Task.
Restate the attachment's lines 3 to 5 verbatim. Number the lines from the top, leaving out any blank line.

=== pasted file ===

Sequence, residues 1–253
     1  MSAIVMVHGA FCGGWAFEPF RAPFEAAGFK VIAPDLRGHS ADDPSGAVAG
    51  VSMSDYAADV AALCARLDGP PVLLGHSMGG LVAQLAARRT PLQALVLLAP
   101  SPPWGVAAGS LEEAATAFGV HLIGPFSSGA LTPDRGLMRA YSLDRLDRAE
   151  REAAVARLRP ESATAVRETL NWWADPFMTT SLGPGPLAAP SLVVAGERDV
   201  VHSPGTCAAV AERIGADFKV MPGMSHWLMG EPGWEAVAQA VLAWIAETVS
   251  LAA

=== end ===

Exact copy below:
    51  VSMSDYAADV AALCARLDGP PVLLGHSMGG LVAQLAARRT PLQALVLLAP
   101  SPPWGVAAGS LEEAATAFGV HLIGPFSSGA LTPDRGLMRA YSLDRLDRAE
   151  REAAVARLRP ESATAVRETL NWWADPFMTT SLGPGPLAAP SLVVAGERDV